How do you determine whether a molecule is odor-active? You smell it. The human nose is our most sophisticated chemical apparatus for establishing whether or not something has an aroma. Well, that’s not quite true. A molecule’s ability to shake metaphorical hands with olfactory receptors depends on whether one or more of the multiple shapes on the molecule fits the shape of one or more of our receptors. If a newly discovered molecule appears to share a shape that we already know to be odiferous, we can confidently predict that the new molecule will be odiferous, too.
Recent chemical analyses suggest that wines contain something in the range, roughly, of 25 to 35 odor-active compounds. Those aromas are additive, so a skilled sniffer can in theory deconstruct a complex aroma into component parts. The funny thing about describing aroma – certainly about describing wine aroma – is that it’s generally not about that kind of deconstruction. The rare tasting note will mention eucalyptol (suggested to influence Australian wines from vineyards abutting eucalyptus groves) or methoxypyrazines (the red bell pepper in syrah) or cis-rose oxide (the classic rose note in gewürztraminer), but a list of molecules isn’t all that helpful or interesting for most people. Far better is reminiscence.
What a scent calls up out of the archive of your previous smell experiences, given enough shared cultural context, ideally triggers a similar memory and allows someone else to reconstruct some shadow of your smell experience. The brain is crucial for perceiving smell, not just in terms of receiving olfactory inputs, but for providing memories that help us make sense of and communicate them. Trying to talk about smell is imprecise at the best of times, but shared cultural context counts for a lot. Hence why we so badly need new wine vocabularies, and why wine communicators in Asia in particular are working to create them. Black currants are plentiful in some parts of Europe and North America (and in my backyard garden in New Zealand), but hardly a common food in Bombay. Wine writers count on wine drinkers to be cosmopolitan. Tasting notes generate that “oh no, this is too fancy for me barrier” not just by piling on florid descriptors but in assuming that their audience can, in fact, call up a mental image of marzipan or orange blossom. Or peardrops, which Jancis Robinson suggests as a common tasting term and probably works well for a British audience, but is lost on this American.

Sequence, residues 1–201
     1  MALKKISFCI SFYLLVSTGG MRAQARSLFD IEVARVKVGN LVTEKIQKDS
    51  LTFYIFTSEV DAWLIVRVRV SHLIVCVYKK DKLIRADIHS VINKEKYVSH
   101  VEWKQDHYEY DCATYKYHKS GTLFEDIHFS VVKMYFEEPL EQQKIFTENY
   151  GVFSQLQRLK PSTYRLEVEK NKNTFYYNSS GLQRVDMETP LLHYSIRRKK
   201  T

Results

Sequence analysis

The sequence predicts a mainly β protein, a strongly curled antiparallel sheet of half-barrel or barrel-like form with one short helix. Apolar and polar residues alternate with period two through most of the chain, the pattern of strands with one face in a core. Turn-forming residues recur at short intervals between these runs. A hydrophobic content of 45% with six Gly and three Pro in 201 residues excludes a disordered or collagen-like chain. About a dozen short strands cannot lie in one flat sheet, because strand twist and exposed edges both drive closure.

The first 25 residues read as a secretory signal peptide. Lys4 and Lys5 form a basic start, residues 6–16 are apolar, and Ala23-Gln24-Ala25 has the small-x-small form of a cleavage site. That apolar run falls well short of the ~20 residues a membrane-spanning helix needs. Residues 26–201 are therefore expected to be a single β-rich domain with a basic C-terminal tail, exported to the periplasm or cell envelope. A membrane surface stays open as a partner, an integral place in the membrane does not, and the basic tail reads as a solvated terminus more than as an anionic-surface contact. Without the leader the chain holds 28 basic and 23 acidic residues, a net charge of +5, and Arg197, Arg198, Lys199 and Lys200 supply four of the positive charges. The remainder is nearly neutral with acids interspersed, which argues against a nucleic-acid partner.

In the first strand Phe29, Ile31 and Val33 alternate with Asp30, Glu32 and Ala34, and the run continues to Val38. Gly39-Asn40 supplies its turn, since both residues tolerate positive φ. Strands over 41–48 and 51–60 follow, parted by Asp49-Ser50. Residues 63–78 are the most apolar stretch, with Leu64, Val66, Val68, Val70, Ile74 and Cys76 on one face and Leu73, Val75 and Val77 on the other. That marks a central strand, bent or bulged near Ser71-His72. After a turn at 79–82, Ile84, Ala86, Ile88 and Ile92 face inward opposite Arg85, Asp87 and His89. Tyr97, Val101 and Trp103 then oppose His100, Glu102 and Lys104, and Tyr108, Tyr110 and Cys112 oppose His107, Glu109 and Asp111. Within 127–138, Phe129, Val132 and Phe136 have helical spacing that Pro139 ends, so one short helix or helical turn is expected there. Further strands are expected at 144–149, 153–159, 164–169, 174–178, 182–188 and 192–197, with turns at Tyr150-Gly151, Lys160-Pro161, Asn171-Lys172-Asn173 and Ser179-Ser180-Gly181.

The olfactory-enabled oenophile has three main persuasive tools at hand to encourage the sort of molecular disloyalty that liberates aromatic compounds from their liquid confines. First, temperature. The warmer a liquid is, the more heat energy its molecules have, the more they move, and the easier it is for any one movement to send them flying. Cold wines tend to be noticeably less aromatic than warmer ones. Temperature also affects our taste perceptions – colder liquids taste less sweet, for instance – which is one reason why you don’t want to overdo warming wine up; so, perhaps, is emphasizing aromas you’d rather play down. Swirling is the second. That well-known sniff-enhancing trick increases the amount of interface between liquid and air and gives volatile molecules more chances to leave. The third, choosing purpose-built glassware, helps if you get your nose in there. I don’t care whether it’s pretentious; “swirl and sniff” is just making good use of your technology.
So is taking good care of your olfactory apparatus. The physics of encouraging molecular motion is only half the equation. You can’t control some of your personal biology: olfactory sensitivity tends to decrease with age, women tend to be more sensitive than men, and some folk really are just more sensitive than others. Some medications and chemical exposures won’t do you any favors temporarily or permanently; you may or may not have control over those. Smoking is an efficient way to destroy olfactory receptors, but you didn’t need me to tell you that.
Why do we smell wine? Physics. Biology. But mostly because wine smells good.